Since April 2013, a family in Cork has driven 45 minutes each way to and from school, only for the student to receive one hour of schooling per day.
After a cochlear implant 18 months ago, the student is now verbal and the hearing-unit at his school is no longer able to support his altered needs.
Seven months on, the story is similar. According to the family, the fault is not with the State, but with the school, which should be working as a team.
School Stories Can Be Positive, Too
Positive school-stories resulted to this story on Sound Advice’s Facebook page:
Everyone’s hearing-story varies, and many children in today’s education system were late identified, with the knock-on language delay and need to play constant learning catch-up with their peers in mainstream classes.
With newborn hearing tests now in Ireland, today’s infants are benefiting from early detection and digital hearing-devices – plus parent/teacher insights to hearing issues – which will improve the childrens’ life prospects.
In this particular student case, some primary factors are notable:
- Transition from a class of 6, to a class of 30, needs advance planning.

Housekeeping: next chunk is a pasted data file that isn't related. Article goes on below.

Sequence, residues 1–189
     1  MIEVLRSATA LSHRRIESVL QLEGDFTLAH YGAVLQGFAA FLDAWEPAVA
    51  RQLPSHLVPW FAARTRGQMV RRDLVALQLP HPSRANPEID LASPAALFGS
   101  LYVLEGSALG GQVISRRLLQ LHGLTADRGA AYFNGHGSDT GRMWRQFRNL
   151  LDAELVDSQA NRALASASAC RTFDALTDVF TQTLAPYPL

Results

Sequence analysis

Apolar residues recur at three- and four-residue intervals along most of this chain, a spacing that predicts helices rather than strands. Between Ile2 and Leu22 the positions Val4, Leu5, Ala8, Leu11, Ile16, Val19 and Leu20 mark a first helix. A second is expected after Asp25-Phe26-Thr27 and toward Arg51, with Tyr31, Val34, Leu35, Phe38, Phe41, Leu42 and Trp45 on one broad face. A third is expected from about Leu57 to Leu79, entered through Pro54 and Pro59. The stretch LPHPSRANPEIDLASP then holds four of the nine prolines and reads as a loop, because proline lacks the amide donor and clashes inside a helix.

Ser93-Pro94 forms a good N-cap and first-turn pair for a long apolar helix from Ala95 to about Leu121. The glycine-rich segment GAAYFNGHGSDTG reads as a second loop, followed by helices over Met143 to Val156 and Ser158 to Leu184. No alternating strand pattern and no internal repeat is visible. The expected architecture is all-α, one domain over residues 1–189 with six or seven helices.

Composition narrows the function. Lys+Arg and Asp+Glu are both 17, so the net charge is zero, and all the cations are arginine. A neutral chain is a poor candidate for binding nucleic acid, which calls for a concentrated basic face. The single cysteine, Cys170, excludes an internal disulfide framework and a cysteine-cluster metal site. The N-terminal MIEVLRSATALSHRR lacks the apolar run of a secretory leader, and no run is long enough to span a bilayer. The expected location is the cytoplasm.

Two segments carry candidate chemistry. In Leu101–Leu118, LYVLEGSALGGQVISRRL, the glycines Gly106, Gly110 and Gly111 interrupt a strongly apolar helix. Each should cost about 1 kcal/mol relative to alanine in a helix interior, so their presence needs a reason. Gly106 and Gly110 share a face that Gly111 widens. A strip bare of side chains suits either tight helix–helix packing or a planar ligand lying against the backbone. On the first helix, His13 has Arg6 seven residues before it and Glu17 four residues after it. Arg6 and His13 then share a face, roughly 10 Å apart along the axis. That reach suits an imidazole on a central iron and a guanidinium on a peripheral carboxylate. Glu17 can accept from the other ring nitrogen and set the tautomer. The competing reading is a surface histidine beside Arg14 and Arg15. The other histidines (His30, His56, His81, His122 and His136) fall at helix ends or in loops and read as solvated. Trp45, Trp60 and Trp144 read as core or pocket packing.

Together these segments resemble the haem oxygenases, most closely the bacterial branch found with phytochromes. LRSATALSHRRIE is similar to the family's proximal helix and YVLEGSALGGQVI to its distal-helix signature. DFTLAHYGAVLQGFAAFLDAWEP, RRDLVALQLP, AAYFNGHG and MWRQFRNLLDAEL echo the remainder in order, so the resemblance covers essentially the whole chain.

- The student has no interest in using Irish Sign Language – he is verbal.
- The school’s staff is not yet trained to work with verbal deaf children.
- Contact time with ‘new’ classmates is needed in any transition period.
Education Provision (And Training) Lags Policy
Provision is still needed for deaf children to have planned transitions from hearing-units (as relevant), into mainstream classes when they are late to cochlear implants. Certain children need to hear spoken words at school, once they have their implant and learn to hear spoken language structures.
Teacher-training in Ireland must improve, as the Examiner noted – in the US, the Department of Education is upskilling teachers to work with deaf children who communicate by the listening-and-speaking (verbal) method.
In Ireland, a rural school with small classes might suit ‘transitioning’ children better than a large mainstream class in a city school. Again, this solution depends on a family’s location and the ability (willingness) of the rural school to accept the pupil, and to arrange teaching supports as needed.
- Question: Do Deaf Children Really Need A SNA?
- Ireland: Teachers ‘should get special-needs training’
- How Policy Can Lag The Real Grassroots Reality
- Listening And Speaking: A Refocus For Teachers
- Parent Question: School Resource Hour Allocation
- SNA Provision: The DES Value For Money Review
- What To Do If Your Child’s Support Hours Are Cut
- Why SNAs Can Be So Important To Deaf Children